Just ahead of tonight's Tucker appearance, welcome to Part Twenty-One of the latest audio entertainment in our series Tales for Our Time: Baroness Orczy's historical romance set against France's Reign of Terror - The Scarlet Pimpernel. In tonight's episode, Citoyen Chauvelin and his pressganged Jewish chauffeur set off in pursuit of the Pimpernel, and in turn Marguerite Blakeney sets off in pursuit of Chauvelin:
Marguerite wondered at what particular spot, on this lonely coast, Percy could be at this moment. Not very far surely, for he had had less than a quarter of an hour's start of Chauvelin. She wondered if he knew that in this cool, ocean-scented bit of France, there lurked many spies, all eager to sight his tall figure, to track him to where his unsuspecting friends waited for him, and then, to close the net over him and them.
Chauvelin, on ahead, jolted and jostled in the Jew's vehicle, was nursing comfortable thoughts. He rubbed his hands together, with content, as he thought of the web which he had woven, and through which that ubiquitous and daring Englishman could not hope to escape. As the time went on, and the old Jew drove him leisurely but surely along the dark road, he felt more and more eager for the grand finale of this exciting chase after the mysterious Scarlet Pimpernel. The capture of the audacious plotter would be the finest leaf in Citoyen Chauvelin's wreath of glory. Caught, red-handed, on the spot, in the very act of aiding and abetting the traitors against the Republic of France, the Englishman could claim no protection from his own country. Chauvelin had, in any case, fully made up his mind that all intervention should come too late...
Members of The Mark Steyn Club can hear Twenty-One of our tale simply by clicking here and logging-in. Earlier episodes can be found here.
Lawrence Brennan, a first-month Founding Member of the Steyn Club from Florida, noted a rare solecism on the part of Baroness Orczy a few episodes back:
The loneliness of the room overwhelmed her; everything within was so horribly still; the ticking of the grandfather's clock—dreadfully slow and measured—was the only sound which broke this awful loneliness.
As Lawrence points out, Lady Blakeney would never have called such a clock by that name - which was a coinage of Baroness Orczy's time:
She arrived in England as a teenager in 1880, but by that time the household item formerly known as a tall floor clock (also called a longcase clock) was being called a grandfather's clock, thanks to the popularity of the song written by the American Henry Clay Work. He had published it in 1876, and it soon achieved the worldwide fame that it still has. But no one in the 1790s would have called a floor clock by that name.
Henry Clay Work might be worth Mark's attention (if he hadn't already done so), as Work was one of the most popular songwriters of the Civil War era: 'Kingdom Coming', 'Wake, Nicodemus', a little ditty 'Marching Through Georgia', and a number of others; he memorialized the Transcontinental Railroad with 'Crossing the Grand Sierras'; and besides 'My Grandfather's Clock' already mentioned, he wrote 'The Ship That Never Returned' -- its melody later borrowed for 'The Wreck of the Old 97' and the tragedy of poor Charlie on the 'MTA'. Work is not much remembered today, but a number of his tunes live on.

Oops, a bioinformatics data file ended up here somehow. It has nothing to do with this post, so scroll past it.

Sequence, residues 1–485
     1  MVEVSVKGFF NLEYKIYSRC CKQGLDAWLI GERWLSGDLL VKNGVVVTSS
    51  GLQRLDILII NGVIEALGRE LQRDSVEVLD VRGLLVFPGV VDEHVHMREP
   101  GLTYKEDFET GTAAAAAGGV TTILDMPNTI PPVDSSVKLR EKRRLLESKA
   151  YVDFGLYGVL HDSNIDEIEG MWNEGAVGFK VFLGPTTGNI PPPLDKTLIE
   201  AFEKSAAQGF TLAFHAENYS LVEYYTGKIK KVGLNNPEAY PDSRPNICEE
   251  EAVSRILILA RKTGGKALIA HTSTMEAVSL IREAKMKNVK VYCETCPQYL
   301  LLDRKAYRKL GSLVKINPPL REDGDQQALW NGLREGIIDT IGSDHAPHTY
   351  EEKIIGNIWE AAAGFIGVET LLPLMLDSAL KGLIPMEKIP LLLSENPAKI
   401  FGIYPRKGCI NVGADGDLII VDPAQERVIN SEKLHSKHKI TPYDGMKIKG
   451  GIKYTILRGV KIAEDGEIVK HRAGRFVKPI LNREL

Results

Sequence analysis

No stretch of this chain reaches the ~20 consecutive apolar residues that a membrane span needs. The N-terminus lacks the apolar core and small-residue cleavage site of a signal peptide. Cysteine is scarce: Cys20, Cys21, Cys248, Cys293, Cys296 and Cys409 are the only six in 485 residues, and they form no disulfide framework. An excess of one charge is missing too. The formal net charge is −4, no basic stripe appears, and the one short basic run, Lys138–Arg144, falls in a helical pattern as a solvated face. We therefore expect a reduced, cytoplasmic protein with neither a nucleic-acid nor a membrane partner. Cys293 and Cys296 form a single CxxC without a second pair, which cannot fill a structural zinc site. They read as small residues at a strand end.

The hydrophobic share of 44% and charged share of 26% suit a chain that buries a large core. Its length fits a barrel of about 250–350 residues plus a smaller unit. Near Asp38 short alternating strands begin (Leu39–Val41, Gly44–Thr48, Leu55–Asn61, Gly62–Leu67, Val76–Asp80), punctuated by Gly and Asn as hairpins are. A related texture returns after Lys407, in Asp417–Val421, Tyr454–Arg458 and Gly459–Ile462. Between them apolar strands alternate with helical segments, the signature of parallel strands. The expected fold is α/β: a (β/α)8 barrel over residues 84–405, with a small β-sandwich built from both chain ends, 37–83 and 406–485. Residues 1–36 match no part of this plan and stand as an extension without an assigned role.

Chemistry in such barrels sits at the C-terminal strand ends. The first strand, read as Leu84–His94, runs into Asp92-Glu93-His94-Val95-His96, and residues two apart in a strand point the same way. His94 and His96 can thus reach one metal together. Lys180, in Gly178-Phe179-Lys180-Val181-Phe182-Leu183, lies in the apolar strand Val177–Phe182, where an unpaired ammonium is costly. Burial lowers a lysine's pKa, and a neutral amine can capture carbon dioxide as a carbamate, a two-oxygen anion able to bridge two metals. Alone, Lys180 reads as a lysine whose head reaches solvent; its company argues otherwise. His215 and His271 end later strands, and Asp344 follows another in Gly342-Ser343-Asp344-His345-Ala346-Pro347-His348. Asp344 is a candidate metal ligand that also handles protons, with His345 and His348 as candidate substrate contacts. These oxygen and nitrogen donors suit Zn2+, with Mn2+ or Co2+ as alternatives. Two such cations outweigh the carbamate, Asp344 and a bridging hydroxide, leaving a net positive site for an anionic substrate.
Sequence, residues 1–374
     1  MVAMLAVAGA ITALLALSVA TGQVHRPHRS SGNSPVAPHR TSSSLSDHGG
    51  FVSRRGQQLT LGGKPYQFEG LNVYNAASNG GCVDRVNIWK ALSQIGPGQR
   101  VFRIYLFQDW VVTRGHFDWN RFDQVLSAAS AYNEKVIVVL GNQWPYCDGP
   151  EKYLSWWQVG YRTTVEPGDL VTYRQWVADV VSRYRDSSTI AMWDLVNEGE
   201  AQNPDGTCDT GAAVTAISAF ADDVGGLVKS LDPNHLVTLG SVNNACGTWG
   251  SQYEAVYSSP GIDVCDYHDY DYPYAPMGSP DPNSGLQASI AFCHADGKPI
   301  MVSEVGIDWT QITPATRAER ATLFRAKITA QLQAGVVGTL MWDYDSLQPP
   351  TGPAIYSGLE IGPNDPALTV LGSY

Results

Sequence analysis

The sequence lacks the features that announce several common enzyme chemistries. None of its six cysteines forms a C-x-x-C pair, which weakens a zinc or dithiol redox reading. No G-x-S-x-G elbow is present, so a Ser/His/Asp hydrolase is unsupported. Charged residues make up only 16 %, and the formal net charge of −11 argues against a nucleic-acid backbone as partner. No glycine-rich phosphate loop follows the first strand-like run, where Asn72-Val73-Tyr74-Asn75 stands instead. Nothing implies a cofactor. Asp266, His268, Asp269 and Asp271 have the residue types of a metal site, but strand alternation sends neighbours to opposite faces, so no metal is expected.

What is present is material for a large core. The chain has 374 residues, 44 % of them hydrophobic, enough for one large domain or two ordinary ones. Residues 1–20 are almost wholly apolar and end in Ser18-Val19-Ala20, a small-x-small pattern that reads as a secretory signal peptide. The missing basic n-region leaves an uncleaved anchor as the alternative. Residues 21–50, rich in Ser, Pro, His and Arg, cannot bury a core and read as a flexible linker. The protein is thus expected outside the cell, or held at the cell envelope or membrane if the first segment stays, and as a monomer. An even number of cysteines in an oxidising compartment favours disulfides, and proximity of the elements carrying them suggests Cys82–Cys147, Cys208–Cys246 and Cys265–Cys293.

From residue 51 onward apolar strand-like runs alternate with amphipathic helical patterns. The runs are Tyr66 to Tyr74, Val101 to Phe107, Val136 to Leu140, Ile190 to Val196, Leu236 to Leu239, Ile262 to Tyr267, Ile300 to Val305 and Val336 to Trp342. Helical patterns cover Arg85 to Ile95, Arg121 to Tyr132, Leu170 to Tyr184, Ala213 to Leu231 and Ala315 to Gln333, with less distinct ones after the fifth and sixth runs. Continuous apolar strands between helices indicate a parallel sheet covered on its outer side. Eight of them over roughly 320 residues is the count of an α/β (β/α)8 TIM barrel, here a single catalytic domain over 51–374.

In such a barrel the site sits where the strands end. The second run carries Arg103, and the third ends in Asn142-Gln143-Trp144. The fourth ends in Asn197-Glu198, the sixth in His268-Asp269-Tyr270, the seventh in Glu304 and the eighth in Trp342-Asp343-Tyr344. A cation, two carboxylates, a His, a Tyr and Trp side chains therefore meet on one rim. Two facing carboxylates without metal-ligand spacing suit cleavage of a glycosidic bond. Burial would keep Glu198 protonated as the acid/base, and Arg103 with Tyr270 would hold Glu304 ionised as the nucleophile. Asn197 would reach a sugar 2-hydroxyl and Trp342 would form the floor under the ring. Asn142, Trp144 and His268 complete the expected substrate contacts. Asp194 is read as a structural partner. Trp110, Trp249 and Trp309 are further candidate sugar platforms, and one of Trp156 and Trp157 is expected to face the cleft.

Henry Clay Work was one of the first successful American songwriters, and, as Lawrence says, "Grandfather's Clock" - recorded by Bing Crosby, Johnny Cash, Sam Cooke et al - is still sung. Any of our UK readers who grew up listening to the Light Programme and Radio One will know it, as it was a mainstay of "Children's Favourites" with Uncle Mac and then "Junior Choice" with Ed "Stewpot" Stewart until the early Eighties. Mr Work's song was inspired by the grandfather clock he saw at The George, an old coaching inn (rather like Mr Jellyband's) on the banks of the Tees in Piercebridge, County Durham. The clock ticks on to this day in the bar of The George, if you're in that neck of the woods. And I thank Lawrence for a memory of a fine old song I haven't thought about in many a year.
If you're one of that brave band who prefer me in vision, I'll be back with Tucker Carlson in an hour or so, coast to coast across America at 8pm Eastern/5pm Pacific. Hope you'll tune in. And tomorrow morning, Friday, just after 9am Eastern, I'll be starting the day with Mighty Mike Faust on 830 WEEU The Voice in Pennsylvania to promote the Reading date of my upcoming tour with Dennis Miller. And, of course, we'll be right back here on Friday evening with Part Twenty-Two of The Scarlet Pimpernel.
If you're minded to join us in The Mark Steyn Club, you're more than welcome. You can find more information here. And, if you have a chum you think might enjoy Tales for Our Time (so far, we've covered Conan Doyle, H G Wells, Dickens, Conrad, Kipling, Kafka, Gogol, Jack London, John Buchan, Anthony Hope and Scott Fitzgerald), we've introduced a special Christmas Gift Membership that comes with a Yuletide gift pack of a trio of our most popular tales. You'll find more details here. Oh, and don't forget, over at the Steyn store, our Steynamite Christmas offers on books, CDs, and much more.
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